“He picked it up gingerly, as though it would bite. Touching it brought back memories of his mother: how she would say her rosary every night before a statue of the Virgin of Fatima and then read a passage of the Bible before bed. Or maybe she hadn’t. It was getting difficult to separate the imagined from his real memories” (p.166)
“And you can’t know for sure dat what you think you saw dat time was Joseph raping his daugher. Maybe you were confused” (p.188)
The ambiguity and distortion of memory that we saw in Midnight’s Children is again brought up again in Graceland. In Midnight’s Children, Rushdie wrote: “Reality is a question of perspective; the further you get from the past, the more concrete and plausible it seems – but as you approach the present, it inevitably seems more and more incredible” (p.189). To refresh everyone’s memory, Rushdie compared reality in the present day to sitting so close to a movie screen that we do not see the whole picture. However, when looking back on a situation, we see the “big picture”. Abani, on the other hand, discusses how our memories of the past before more distorted as time goes on.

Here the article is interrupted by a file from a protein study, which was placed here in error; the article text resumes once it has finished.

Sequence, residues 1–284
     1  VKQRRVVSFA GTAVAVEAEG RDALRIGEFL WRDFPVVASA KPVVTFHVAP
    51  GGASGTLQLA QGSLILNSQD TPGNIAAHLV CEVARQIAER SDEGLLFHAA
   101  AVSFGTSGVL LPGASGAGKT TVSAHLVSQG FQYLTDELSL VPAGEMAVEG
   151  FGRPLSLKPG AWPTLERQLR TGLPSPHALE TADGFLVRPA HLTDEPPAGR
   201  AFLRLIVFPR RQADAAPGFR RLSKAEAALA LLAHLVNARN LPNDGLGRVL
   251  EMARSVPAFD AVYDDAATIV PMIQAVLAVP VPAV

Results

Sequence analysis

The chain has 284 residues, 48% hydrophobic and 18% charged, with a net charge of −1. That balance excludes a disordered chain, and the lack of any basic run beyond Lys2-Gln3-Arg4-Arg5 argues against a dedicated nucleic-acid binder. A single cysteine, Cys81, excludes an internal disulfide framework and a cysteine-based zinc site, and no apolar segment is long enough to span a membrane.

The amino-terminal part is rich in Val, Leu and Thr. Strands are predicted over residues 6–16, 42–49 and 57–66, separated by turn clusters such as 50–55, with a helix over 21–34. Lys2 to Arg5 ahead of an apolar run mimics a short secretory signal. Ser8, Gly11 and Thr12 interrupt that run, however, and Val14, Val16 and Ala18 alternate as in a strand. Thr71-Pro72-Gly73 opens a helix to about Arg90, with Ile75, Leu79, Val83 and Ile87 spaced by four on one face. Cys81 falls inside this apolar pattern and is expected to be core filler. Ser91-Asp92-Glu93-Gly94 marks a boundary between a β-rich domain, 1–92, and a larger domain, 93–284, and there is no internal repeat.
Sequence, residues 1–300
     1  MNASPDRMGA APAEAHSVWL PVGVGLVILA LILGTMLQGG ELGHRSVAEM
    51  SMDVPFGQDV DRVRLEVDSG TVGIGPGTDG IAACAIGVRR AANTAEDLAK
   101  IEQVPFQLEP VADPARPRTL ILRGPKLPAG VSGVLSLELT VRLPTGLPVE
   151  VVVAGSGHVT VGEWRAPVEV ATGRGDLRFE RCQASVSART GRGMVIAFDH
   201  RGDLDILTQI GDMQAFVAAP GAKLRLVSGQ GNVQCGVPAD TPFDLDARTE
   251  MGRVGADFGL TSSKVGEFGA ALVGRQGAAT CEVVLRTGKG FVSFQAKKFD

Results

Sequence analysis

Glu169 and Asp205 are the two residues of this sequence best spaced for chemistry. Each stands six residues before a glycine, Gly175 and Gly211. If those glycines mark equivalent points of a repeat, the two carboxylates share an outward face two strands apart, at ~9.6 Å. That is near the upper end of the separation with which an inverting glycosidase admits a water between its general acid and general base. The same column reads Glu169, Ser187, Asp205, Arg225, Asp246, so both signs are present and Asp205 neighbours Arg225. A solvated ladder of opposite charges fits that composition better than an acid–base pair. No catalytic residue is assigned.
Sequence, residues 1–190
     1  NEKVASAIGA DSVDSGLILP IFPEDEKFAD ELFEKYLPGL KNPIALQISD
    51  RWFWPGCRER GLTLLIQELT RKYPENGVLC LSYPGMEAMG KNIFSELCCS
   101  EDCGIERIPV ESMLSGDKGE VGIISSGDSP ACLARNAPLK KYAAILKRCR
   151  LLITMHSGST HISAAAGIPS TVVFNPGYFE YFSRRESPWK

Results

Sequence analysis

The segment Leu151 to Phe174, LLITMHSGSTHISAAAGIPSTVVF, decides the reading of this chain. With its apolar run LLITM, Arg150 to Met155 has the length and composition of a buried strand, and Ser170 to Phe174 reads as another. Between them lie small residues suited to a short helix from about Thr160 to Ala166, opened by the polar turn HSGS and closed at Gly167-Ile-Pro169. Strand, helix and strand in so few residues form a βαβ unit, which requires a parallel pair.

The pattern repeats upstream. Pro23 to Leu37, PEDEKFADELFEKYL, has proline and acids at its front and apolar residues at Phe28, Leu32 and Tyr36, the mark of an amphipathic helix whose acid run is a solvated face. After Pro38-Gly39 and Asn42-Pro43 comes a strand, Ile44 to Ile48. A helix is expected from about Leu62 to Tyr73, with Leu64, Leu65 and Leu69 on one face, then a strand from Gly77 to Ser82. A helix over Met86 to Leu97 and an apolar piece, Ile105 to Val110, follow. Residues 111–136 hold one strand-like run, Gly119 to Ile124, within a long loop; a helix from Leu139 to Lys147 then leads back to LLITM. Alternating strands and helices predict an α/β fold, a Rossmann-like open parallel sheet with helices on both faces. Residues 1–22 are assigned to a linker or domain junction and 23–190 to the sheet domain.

In Graceland, our memory can be influenced in different ways. In the first passage, Elvis’ recollection of his mother seems to be only of her admirable qualities. Because we only have Elvis’ account of his mother, we are in no position to make assumptions that he is lying. However, we also have to remember how memory can be affected. Elvis acknowledges the fact that his memory of his mother is not completely valid. It may be possible that he blocks out particular stories from his memory because he loved his mother so much that he only wanted to remember the best qualities about her. I do not know if this is a legitimate argument of how memory works, but I have found it to be true for my own memories – I always remember the best times of the past and I block out the negative.
When Sunday argues that Elvis’ memory may be distorted, he is either defending his brother, Joseph, or making a point about how witnesses to crimes often can not remember exactly what they saw. Perhaps Elvis’ vision of Joseph raping Efua is the truth, or perhaps he saw Efua being raped by another man and was later convinced by her that the rapist was in fact Joseph. There are often cases where the witness’ memories are inaccurate because they are influenced by other parties.